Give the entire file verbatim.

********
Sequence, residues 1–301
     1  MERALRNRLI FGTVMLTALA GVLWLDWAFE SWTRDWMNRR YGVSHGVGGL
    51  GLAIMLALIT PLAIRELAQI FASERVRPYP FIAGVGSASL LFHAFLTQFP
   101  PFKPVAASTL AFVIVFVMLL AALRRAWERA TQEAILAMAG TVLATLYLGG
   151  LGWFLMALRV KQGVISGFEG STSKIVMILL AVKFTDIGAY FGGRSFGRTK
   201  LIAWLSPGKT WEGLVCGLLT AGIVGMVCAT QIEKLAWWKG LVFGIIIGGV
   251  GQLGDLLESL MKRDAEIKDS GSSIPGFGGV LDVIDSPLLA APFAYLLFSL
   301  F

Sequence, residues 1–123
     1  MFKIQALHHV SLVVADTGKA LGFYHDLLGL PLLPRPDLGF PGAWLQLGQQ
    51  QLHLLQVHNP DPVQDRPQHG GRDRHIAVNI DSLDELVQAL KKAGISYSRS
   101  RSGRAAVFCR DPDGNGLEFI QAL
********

Sequence, residues 1–301
     1  MERALRNRLI FGTVMLTALA GVLWLDWAFE SWTRDWMNRR YGVSHGVGGL
    51  GLAIMLALIT PLAIRELAQI FASERVRPYP FIAGVGSASL LFHAFLTQFP
   101  PFKPVAASTL AFVIVFVMLL AALRRAWERA TQEAILAMAG TVLATLYLGG
   151  LGWFLMALRV KQGVISGFEG STSKIVMILL AVKFTDIGAY FGGRSFGRTK
   201  LIAWLSPGKT WEGLVCGLLT AGIVGMVCAT QIEKLAWWKG LVFGIIIGGV
   251  GQLGDLLESL MKRDAEIKDS GSSIPGFGGV LDVIDSPLLA APFAYLLFSL
   301  F

Sequence, residues 1–123
     1  MFKIQALHHV SLVVADTGKA LGFYHDLLGL PLLPRPDLGF PGAWLQLGQQ
    51  QLHLLQVHNP DPVQDRPQHG GRDRHIAVNI DSLDELVQAL KKAGISYSRS
   101  RSGRAAVFCR DPDGNGLEFI QAL